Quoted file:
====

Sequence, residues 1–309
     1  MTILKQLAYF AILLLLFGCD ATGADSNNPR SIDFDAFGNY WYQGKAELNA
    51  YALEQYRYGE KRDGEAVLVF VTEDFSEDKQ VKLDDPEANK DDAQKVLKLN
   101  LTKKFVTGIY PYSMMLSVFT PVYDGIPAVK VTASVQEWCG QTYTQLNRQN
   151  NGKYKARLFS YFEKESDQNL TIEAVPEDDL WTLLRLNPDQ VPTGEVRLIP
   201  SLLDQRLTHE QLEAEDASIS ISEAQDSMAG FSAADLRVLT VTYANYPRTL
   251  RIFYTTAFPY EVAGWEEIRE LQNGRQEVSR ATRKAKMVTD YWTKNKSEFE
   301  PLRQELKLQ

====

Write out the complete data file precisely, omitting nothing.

Sequence, residues 1–309
     1  MTILKQLAYF AILLLLFGCD ATGADSNNPR SIDFDAFGNY WYQGKAELNA
    51  YALEQYRYGE KRDGEAVLVF VTEDFSEDKQ VKLDDPEANK DDAQKVLKLN
   101  LTKKFVTGIY PYSMMLSVFT PVYDGIPAVK VTASVQEWCG QTYTQLNRQN
   151  NGKYKARLFS YFEKESDQNL TIEAVPEDDL WTLLRLNPDQ VPTGEVRLIP
   201  SLLDQRLTHE QLEAEDASIS ISEAQDSMAG FSAADLRVLT VTYANYPRTL
   251  RIFYTTAFPY EVAGWEEIRE LQNGRQEVSR ATRKAKMVTD YWTKNKSEFE
   301  PLRQELKLQ